A bare 0.004 percent of the world's adult population controls nearly $30 trillion in assets, 13 percent of the world's total wealth, according to a new study released Thursday. And perhaps unsurprisingly, the study by the Swiss bank UBS and luxury industry consultant Wealth-X said the concentration of money in the hands of the ultra-rich is growing. The report said 211,275 million people qualify as "ultra-high net worth" (UHNW) -- those with assets above $30 million. Of them, 2,325 have more than $1 billion.
As F. Scott Fitzgerald wrote, the rich are different. The average UHNW-er spends $1 million a year on luxury goods and services. Yet, the study points out, luxury items can be "part and parcel of their lifestyle and are not necessarily considered a 'luxury.'" Source: www.i24news.tv
F. Scott Fitzgerald (Letter to Zelda, April 1938): "You are not married to a rich millionaire of thirty but to a pretty broken and prematurely old man who hasn't a penny except what he can bring out of a weary mind and a sick body. I have heard nothing from you and a word would be reassuring because I am always concerned about you."
The Day of the Locust meets The Devil in the White City and Midnight in the Garden of Good and Evil in this juicy, untold Hollywood story. By 1920, the movies had suddenly become America’s new favorite pastime, and one of the nation’s largest industries. Yet Hollywood’s glittering ascendency was threatened by a string of headline-grabbing tragedies—including the murder of William Desmond Taylor, the popular president of the Motion Picture Directors Association, a legendary crime that has remained unsolved until now. Along the way, Mann brings to life Los Angeles in the Roaring Twenties: a sparkling yet schizophrenic town filled with party girls, drug dealers, religious zealots, newly-minted legends and starlets already past their prime—a dangerous place where the powerful could still run afoul of the desperate.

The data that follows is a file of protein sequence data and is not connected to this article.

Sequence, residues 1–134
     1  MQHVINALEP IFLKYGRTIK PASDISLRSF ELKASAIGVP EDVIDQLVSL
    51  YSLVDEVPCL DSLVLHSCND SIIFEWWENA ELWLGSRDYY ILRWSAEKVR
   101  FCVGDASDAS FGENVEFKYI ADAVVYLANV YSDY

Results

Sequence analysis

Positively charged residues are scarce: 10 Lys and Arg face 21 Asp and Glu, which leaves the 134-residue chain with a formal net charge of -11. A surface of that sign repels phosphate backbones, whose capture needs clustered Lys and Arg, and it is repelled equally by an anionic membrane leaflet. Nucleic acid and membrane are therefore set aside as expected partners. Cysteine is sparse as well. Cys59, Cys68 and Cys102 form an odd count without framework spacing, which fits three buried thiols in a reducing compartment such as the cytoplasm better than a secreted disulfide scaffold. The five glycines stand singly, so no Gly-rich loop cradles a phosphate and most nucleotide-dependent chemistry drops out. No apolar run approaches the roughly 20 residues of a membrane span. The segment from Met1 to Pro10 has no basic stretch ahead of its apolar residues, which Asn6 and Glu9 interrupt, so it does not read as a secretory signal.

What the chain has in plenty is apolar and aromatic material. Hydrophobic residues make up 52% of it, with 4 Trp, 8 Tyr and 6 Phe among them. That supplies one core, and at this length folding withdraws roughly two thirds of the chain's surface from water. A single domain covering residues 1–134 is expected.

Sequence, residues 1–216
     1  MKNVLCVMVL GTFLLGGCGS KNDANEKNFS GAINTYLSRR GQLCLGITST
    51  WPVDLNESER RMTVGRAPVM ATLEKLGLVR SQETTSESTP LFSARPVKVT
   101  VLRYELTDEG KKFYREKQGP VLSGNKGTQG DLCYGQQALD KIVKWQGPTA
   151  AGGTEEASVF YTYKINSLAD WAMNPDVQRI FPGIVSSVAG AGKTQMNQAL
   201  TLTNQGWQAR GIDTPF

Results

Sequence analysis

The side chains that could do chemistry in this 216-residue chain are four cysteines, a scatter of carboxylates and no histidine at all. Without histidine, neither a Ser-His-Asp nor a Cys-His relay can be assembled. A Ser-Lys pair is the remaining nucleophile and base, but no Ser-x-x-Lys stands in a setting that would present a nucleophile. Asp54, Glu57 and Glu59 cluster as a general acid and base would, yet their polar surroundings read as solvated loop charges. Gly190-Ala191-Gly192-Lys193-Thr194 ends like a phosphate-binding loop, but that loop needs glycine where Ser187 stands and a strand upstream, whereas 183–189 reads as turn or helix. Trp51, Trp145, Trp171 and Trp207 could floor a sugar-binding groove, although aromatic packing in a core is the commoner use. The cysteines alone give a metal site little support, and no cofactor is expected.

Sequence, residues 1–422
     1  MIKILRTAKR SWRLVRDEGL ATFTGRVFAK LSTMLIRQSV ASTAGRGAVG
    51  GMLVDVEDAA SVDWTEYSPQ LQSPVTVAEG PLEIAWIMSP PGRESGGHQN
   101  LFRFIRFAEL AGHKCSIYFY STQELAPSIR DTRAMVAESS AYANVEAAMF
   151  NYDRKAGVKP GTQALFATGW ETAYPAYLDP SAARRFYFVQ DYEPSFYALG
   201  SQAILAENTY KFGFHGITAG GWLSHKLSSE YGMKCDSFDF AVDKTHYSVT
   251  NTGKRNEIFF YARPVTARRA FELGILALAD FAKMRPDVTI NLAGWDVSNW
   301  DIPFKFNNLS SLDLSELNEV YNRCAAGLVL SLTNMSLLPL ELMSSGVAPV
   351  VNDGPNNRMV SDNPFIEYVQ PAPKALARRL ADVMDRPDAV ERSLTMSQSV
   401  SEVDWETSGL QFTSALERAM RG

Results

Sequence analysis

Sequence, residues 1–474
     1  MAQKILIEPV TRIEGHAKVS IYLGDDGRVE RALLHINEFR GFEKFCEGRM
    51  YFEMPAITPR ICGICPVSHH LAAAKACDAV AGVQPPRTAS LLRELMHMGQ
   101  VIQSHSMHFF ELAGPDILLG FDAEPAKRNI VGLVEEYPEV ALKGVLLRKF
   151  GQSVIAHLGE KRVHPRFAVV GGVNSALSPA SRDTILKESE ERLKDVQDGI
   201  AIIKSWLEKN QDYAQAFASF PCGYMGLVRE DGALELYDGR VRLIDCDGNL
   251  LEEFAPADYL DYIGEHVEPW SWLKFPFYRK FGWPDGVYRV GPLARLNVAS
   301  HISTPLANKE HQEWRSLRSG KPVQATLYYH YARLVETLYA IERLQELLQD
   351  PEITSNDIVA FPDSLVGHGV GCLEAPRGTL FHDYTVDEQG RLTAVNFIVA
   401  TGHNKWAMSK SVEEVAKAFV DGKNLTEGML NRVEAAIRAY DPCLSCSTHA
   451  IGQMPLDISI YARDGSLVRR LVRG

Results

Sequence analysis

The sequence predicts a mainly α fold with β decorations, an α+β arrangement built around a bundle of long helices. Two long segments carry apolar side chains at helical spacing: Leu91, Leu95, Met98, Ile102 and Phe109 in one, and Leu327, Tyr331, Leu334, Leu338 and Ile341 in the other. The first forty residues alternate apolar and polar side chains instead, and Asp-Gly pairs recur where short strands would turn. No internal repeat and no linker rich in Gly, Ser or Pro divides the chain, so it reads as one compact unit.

In his unfinished novel The Last Tycoon, F. Scott Fitzgerald would write that Hollywood could only be understood “dimly and in flashes.” Fewer than half a dozen people, he said, had “ever been able to keep the whole equation of pictures in their heads.”
Zukor was one of those few. Not until 1948 did the government finally force the movie studios —all of them, not just Paramount— to divest themselves of their theater chains. By then Zukor was happily ensconced as Chairman Emeritus. In 1953 he published a memoir, The Public Is Never Wrong, which he dedicated to his wife Lottie. Of the Taylor case, Zukor said it made for “good reading,” and recalled the fodder it gave to “dozens of special correspondents” who painted Hollywood as “a wicked, wicked city.” Of William Desmond Taylor’s papers, or the actions he’d taken after reading them, Zukor said nothing. He took that secret with him to the grave. On Hollywood Boulevard, the locusts now ruled. Movie premieres had been replaced with drug deals. And across the backlots of the once thrumping movie studios, a terrible silence prevailed. The system Adolph Zukor and Marcus Loew had worked so diligently to create was in its final days. -"Tinseltown: Murder, Morphine, and Madness at the Dawn of Hollywood" (2014) by William J. Mann